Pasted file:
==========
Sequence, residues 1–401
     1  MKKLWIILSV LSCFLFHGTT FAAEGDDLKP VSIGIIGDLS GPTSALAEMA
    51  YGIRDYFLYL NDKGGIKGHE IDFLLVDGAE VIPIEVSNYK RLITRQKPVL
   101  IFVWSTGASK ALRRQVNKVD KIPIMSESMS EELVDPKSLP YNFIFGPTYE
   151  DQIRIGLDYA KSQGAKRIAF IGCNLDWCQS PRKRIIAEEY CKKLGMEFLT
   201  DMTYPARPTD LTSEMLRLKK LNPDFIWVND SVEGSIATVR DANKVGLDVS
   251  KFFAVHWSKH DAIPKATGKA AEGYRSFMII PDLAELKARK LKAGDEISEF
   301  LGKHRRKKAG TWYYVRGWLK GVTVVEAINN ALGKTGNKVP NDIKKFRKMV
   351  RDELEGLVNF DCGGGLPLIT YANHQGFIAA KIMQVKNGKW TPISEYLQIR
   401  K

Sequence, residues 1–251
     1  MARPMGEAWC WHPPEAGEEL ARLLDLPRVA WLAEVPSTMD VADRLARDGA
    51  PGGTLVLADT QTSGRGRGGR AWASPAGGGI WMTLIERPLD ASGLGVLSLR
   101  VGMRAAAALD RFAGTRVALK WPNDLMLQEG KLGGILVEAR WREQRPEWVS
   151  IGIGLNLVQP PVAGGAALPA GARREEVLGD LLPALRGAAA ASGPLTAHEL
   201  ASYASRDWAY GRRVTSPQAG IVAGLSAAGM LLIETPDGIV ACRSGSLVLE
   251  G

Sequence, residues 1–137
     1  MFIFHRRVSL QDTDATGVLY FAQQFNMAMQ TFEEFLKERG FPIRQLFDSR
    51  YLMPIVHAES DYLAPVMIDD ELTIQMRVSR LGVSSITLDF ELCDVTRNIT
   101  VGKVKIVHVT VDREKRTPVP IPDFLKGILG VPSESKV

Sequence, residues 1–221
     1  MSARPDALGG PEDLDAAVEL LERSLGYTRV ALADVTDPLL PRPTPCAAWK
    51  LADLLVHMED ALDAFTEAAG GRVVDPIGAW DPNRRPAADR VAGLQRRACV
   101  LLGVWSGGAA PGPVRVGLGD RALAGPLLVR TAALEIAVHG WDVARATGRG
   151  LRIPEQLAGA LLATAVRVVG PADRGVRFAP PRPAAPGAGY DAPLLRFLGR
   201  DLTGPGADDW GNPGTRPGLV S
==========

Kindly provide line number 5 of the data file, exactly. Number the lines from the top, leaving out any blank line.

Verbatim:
   151  DQIRIGLDYA KSQGAKRIAF IGCNLDWCQS PRKRIIAEEY CKKLGMEFLT